About 11% of Students Send a Sext to Their Boyfriend or Girlfriend: StudyJuly 19, 2019 14:49
Researchers, including one of an Indian origin, analyzed the prevalence rates for sexting among the youth.
Sexting is sending, receiving or forwarding sexually explicit messages, images, videos primarily between mobile phones, of oneself to others.
"Findings from our study provide a very important message for youth who may believe media headlines that suggest sexting is more widespread than it actually is," said Sameer Hinduja, Professor at the Florida Atlantic University.
The study, published in the Journal Archives of Sexual Behavior, surveyed a nationally representative sample of 5,593 American middle and high school students (aged 12 to 17).
Results showed that across all socio-demographic variables explored, the vast majority of students were not participating in sexting.
About 14 percent of middle and high school students have received a sexually explicit image from a boyfriend or girlfriend, while 13.6 percent said they received such an image from someone who was not a current romantic partner.
About 11 percent of students reported sending a sext to their boyfriend or girlfriend.
Interestingly, 63.9 percent of students were asked by a current boyfriend or girlfriend to send a sext.
The students who were asked to send a sext by someone who was not a current romantic partner, only 43 percent complied.
Males were significantly more likely to have sent and received a sext from a current romantic partner. However, males and females were equally liable to receive them from a person who was not a current girlfriend or boyfriend.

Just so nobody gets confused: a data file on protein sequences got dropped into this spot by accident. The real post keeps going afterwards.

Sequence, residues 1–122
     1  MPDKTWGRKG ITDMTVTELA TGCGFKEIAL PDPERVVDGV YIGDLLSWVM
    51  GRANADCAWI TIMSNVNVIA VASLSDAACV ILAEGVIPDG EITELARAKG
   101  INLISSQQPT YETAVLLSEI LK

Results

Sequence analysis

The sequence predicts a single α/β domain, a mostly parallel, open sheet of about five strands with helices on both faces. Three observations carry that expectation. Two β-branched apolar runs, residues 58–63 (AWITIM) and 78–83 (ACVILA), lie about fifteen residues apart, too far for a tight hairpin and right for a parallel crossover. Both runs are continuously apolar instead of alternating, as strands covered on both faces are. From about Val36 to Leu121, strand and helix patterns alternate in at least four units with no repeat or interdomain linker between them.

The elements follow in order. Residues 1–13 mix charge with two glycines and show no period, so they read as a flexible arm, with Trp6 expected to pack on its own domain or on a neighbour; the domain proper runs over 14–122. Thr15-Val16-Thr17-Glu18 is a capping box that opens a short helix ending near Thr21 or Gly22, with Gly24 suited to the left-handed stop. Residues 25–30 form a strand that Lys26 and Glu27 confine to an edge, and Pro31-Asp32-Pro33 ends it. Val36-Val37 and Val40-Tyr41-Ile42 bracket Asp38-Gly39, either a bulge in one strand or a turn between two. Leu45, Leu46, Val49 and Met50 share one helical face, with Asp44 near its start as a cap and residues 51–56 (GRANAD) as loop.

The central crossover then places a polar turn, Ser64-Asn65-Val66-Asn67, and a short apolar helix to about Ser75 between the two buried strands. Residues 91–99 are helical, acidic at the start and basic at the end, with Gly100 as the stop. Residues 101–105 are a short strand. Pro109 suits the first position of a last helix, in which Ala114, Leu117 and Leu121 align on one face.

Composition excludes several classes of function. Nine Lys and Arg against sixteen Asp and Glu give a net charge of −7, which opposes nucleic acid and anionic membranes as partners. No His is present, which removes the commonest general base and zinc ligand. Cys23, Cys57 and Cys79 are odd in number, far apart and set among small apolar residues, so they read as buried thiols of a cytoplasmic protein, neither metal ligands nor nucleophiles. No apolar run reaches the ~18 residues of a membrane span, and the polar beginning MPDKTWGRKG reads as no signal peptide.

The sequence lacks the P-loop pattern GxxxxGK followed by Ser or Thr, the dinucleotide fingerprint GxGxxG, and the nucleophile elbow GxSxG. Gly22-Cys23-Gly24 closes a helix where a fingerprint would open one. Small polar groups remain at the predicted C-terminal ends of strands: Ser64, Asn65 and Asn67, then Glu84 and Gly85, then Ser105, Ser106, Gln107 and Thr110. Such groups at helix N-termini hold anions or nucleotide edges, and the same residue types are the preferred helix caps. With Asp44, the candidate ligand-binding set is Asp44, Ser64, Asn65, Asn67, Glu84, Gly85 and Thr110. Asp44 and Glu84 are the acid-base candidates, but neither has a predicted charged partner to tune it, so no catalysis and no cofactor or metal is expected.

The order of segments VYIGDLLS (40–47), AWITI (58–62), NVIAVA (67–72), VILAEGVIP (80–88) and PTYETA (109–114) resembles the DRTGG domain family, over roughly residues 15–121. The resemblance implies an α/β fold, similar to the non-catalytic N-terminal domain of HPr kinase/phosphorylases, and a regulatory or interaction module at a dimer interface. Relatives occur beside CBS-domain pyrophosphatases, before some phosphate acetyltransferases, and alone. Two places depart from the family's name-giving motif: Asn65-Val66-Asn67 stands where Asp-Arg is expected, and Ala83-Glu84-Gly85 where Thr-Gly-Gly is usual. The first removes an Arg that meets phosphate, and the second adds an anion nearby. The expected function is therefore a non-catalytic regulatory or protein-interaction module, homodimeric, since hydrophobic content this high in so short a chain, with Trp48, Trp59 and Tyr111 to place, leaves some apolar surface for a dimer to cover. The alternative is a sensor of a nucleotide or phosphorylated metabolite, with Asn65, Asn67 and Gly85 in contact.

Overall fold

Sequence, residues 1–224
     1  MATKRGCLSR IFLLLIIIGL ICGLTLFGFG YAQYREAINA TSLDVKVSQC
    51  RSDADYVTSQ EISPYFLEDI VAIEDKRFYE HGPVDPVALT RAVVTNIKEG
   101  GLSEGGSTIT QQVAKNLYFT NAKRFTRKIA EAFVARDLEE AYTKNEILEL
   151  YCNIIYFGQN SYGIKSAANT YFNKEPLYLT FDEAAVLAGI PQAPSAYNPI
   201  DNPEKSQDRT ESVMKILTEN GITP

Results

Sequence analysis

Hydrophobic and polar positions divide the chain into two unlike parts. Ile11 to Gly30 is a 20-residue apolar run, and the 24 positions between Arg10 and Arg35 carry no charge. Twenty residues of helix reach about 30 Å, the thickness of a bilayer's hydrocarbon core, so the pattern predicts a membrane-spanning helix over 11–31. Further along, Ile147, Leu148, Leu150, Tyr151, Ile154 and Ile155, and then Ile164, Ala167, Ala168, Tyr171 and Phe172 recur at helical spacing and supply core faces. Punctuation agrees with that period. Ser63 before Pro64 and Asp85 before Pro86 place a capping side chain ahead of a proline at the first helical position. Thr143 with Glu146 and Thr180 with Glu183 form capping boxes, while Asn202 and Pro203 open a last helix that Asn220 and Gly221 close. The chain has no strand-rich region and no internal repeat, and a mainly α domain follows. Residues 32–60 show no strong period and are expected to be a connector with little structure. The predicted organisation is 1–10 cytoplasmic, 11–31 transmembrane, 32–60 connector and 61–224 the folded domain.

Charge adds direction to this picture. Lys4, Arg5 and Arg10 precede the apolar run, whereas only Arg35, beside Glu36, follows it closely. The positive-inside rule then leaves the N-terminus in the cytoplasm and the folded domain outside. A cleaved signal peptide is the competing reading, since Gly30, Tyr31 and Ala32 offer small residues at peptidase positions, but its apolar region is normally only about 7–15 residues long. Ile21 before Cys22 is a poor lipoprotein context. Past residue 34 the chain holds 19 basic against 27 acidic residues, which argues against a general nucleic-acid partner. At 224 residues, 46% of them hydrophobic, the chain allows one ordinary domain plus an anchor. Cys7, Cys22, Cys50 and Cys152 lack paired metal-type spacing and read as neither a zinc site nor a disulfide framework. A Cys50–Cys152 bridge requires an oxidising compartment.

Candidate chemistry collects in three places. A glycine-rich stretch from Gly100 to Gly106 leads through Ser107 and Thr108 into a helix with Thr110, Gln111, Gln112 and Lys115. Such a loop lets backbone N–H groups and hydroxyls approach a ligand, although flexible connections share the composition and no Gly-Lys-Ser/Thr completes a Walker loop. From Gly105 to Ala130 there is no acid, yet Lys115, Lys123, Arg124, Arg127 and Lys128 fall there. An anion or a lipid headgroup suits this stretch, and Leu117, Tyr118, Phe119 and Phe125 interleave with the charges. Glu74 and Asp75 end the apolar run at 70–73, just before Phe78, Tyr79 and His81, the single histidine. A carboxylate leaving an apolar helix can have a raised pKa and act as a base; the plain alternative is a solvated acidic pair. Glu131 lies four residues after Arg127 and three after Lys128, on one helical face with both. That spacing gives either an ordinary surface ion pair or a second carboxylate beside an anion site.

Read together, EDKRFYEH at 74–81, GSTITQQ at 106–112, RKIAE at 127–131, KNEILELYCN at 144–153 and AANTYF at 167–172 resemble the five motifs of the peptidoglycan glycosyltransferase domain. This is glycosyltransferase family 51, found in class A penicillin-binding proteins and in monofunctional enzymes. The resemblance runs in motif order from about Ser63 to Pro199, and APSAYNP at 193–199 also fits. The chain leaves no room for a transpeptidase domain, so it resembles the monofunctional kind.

About 14.3 percent of female students were more likely to have been asked to send a sext by someone who was not a current romantic partner, but only 34.1 percent complied.
Overall, about four percent of students said they shared an explicit image sent to them with another person without their permission, and about the same number believed an image of them was shared with others in the absence of their permission.
"Showing adolescents clear evidence that a relatively small proportion of teens engage in sexting could actually result in decreased overall participation since it underscores that it is not as normal, commonplace, or widespread as they might believe," said Justin Patchin, Professor at the University of Wisconsin-Eau Claire.
By Sowmya Sangam